The S&P said that more subdued external demand, weak political leadership, increasing cost of funding and new budget austerity measures are all likely to dampen growth going forward. Slower growth could in turn cause Italy to miss its fiscal targets set for next year as it generates a revenue shortfall.
The downgrade could increase Italy's borrowing costs just as the country embarks on large refinancing program that entails nearly 30 Billion euros of gross issuance in October and November. These upcoming bond auctions could become the true test of country's credit strength and if investors balk at rolling over its debt the downward pressure on the euro could quickly accelerate.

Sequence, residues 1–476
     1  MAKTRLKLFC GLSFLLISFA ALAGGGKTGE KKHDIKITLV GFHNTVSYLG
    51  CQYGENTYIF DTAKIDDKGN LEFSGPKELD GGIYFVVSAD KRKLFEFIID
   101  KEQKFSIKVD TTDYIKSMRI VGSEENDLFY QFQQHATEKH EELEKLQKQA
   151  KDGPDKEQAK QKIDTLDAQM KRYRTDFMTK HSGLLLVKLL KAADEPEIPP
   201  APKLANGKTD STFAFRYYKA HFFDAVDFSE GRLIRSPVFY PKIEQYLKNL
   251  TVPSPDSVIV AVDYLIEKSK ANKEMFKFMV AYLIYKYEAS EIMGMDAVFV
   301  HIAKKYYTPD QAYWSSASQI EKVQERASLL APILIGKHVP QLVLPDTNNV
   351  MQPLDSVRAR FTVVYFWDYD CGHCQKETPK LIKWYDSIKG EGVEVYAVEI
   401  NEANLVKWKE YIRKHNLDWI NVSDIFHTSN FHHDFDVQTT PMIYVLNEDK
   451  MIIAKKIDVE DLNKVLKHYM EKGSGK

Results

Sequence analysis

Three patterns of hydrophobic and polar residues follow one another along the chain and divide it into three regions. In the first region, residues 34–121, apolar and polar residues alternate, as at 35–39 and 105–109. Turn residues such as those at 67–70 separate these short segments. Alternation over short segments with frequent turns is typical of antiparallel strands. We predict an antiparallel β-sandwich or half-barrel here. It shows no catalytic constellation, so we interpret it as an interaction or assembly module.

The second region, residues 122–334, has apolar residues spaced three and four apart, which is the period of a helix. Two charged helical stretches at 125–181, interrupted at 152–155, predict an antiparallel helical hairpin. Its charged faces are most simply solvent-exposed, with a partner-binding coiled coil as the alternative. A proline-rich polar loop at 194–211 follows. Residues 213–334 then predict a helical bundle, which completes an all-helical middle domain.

The euro fell nearly 100 points in early Asian trade in reaction to the news. but has since stabilized at the 1.3600 level as currency trader await the open of the European equity markets. The economic calendar is relatively quiet but traders may focus on the latest ZEW survey expected to print somewhat lower at than the month prior. Consensus views are for a print of -44.3 versus -37.6 but given the recent turmoil in the financial markets chances are good that the reading may miss expectations. If ZEW misses its mark dragging equities lower the EUR/USD could probe the 1.3500 figure as the day proceeds.